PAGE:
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The Penny Arcade Report

  • By Ben Kuchera
  • 6/17/13 at 8:59 AM
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Dabe Alan
The PlayStation 4 controller is just slightly better than the best thing ever

The PlayStation 4 controller is just slightly better than the best thing ever

What people like or dislike in a video game controller is often subjective; our hands come in many sizes and shapes, and what feels comfortable to me may be intolerable for you across lengthy playing sections. There is no perfect controller, as everyone is looking for slightly different things in how they control their games.
That being said, the PlayStation 4 controller may be the best thing since sliced bread.

The sum of its parts

It’s hard to measure the controller against its peers without having a variety of controllers right next to each other, but the DualShock 4 feels larger in my hand, with a much more rounded design where you grip the controller. It’s also slightly heavier, and the overall design rests against the natural curves of your hand in a much more natural way.
My first thought when a developer placed the controller in my hand was the following: “Holy shit, that’s nice.” It takes a bit to work backwards to figure out everything Sony did in the design to get that reaction, but there you go.
It felt almost too good, like I was holding something illicit. I was afraid it would be taken away. It felt like the first time I touched a girl’s breast in the backseat of a car with fogged up windows, scared that her parents were going to fling the door open and start yelling at me. I wanted to grab the controller and run. I wanted to nuzzle it against my face and ask it who is a good controller? Who is a good controller?
You’re a good controller, you sexy thing, you.
The triggers are likewise more comfortable, curving slightly inward to hold your finger. The buttons and D-pad likely have some subtle distinctions between the Dual Shock 4 and the previous PlayStation 3 controllers, but I couldn’t tell much of a difference. The controller comes with rumble, standard, so we don’t have to suffer through Sony claiming that force feedback is a “last-gen” feature because it doesn’t want to pay to license it.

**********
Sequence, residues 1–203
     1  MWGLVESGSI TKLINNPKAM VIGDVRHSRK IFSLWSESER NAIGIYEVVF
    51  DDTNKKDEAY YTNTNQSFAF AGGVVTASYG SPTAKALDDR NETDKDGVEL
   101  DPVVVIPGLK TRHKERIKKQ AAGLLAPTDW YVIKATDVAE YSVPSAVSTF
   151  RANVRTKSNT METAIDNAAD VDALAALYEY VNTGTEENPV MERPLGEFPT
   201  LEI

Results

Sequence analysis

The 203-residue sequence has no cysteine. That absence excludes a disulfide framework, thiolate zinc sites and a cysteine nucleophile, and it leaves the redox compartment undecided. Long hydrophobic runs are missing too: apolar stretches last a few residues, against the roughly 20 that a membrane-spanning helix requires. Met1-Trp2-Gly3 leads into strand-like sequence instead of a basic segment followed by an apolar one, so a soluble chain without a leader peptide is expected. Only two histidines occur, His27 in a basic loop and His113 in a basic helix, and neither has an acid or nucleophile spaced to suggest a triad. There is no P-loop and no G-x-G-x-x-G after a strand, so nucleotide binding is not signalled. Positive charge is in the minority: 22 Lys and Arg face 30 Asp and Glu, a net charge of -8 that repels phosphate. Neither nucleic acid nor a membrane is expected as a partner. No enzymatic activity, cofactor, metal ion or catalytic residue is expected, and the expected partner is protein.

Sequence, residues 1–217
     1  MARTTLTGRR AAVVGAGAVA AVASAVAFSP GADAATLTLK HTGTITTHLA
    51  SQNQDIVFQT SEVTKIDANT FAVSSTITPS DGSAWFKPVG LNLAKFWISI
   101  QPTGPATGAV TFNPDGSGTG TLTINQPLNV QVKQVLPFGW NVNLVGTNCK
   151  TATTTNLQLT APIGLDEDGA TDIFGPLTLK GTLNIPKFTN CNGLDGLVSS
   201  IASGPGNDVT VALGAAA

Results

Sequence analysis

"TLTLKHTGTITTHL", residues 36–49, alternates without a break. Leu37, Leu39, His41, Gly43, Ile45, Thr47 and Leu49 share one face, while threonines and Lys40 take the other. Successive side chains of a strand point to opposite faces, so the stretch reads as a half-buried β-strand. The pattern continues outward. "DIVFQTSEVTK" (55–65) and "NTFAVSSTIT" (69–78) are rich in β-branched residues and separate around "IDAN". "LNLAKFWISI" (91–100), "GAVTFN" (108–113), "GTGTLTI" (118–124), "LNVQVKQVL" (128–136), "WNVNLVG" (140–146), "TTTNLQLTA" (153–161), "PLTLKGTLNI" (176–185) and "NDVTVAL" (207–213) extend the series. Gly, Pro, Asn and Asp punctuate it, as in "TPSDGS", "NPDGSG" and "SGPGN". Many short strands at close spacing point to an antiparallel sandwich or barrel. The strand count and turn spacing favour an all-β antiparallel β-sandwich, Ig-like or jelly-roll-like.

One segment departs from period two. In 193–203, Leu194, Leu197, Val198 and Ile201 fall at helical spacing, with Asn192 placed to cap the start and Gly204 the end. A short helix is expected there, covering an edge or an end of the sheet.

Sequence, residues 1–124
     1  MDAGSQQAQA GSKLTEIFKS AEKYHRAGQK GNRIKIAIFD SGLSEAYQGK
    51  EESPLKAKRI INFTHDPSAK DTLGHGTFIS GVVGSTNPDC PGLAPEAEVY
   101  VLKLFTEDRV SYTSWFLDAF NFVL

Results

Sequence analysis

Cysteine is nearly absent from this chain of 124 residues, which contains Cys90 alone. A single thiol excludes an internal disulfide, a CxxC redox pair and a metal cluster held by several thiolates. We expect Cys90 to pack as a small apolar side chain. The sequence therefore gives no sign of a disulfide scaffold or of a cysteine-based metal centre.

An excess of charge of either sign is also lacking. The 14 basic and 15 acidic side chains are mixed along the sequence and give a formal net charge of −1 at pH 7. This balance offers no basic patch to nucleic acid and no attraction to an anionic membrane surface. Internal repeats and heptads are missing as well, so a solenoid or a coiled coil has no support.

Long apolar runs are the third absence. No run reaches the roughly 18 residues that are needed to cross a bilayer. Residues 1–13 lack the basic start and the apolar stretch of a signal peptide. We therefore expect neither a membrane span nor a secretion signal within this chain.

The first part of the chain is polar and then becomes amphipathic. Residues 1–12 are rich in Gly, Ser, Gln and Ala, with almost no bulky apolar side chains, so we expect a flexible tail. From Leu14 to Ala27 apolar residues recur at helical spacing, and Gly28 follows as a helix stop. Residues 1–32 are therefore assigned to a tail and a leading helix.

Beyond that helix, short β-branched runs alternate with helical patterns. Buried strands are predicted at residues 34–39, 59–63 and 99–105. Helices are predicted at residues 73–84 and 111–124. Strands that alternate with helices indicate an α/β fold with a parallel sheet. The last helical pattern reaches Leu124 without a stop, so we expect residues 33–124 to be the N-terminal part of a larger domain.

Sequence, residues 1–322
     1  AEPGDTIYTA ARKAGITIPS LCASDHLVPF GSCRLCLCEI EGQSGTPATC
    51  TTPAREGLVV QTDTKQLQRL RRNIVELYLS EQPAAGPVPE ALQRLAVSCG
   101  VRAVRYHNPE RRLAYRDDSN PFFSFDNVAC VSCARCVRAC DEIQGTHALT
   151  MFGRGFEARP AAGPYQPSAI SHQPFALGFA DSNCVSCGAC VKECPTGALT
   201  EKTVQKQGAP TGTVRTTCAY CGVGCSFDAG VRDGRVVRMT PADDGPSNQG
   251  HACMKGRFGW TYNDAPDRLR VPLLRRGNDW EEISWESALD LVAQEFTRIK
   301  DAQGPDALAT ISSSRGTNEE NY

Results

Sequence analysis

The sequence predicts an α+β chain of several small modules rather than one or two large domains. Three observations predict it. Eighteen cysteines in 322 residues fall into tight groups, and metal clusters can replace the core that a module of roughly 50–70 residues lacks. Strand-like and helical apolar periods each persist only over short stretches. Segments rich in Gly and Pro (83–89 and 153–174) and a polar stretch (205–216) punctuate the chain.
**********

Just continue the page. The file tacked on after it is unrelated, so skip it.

The analog sticks have a cupped design and a firmer feel; I never had the sense my thumb was going to slide off. I was able to try a hands-on demo of the upcoming Playstation 4 Killzone title, and in that game you swipe the touchpad to switch between different secondary powers. The action felt accessible and effective, and you can click down on the pad as well, just as you would the touchpad on your laptop. The director of the console version of Diablo 3  told me the touch pad was one of the things they were looking at while porting the game to the PlayStation 4, although they weren’t sure what they’d use it for quite yet.
The touchpad is a better move than you think. With more big-name games being released and ported to and from mobile devices, and even consoles like the Ouya, a touchpad on your controller means you’ll be able to play those games on your console. Microsoft’s answer to touch controls is the Kinect, an expensive accessory that is likely partially to blame for the system’s $500 price point, while delivering a control mechanism that is still nowhere near as precise as a physical controller.
This is Sony’s play for better ports to and from other devices and, while I’ll need to play more on it to know for sure, so far it seems like that gamble paid off. The touchpad is already much better than the similar control mechanism on the Ouya controller. There is a light on the back of the DualShock 4, and that's going to let the new camera see where you are in the room or use the controller like a PlayStation Move. It's neat that it's there, but I'm not holding my breath for this feature to become very important. There is a also a port on the bottom for a mono ear bud and speaker that will allow voice chat in online games.
So that's the breakdown of things, but everything taken as a whole has created a controller that feels almost stupidly great in my hands. Yesterday I felt my next child move for the first time. I felt her tiny feet kick through my wife's belly, my hand finally being given its first tactile evidence that my child is alive and healthy. That experience was several steps higher than feeling the PlayStation 4 controller for the first time but, damnit, they were closer than I'm comfortable admitting.
The PlayStation 4 controller is up there with Otter Pops after a squirt-gun fight, and grilled cheese sandwiches. It's a good book and a hot bath, and Flight of the Navigator. I can't wait to play more.
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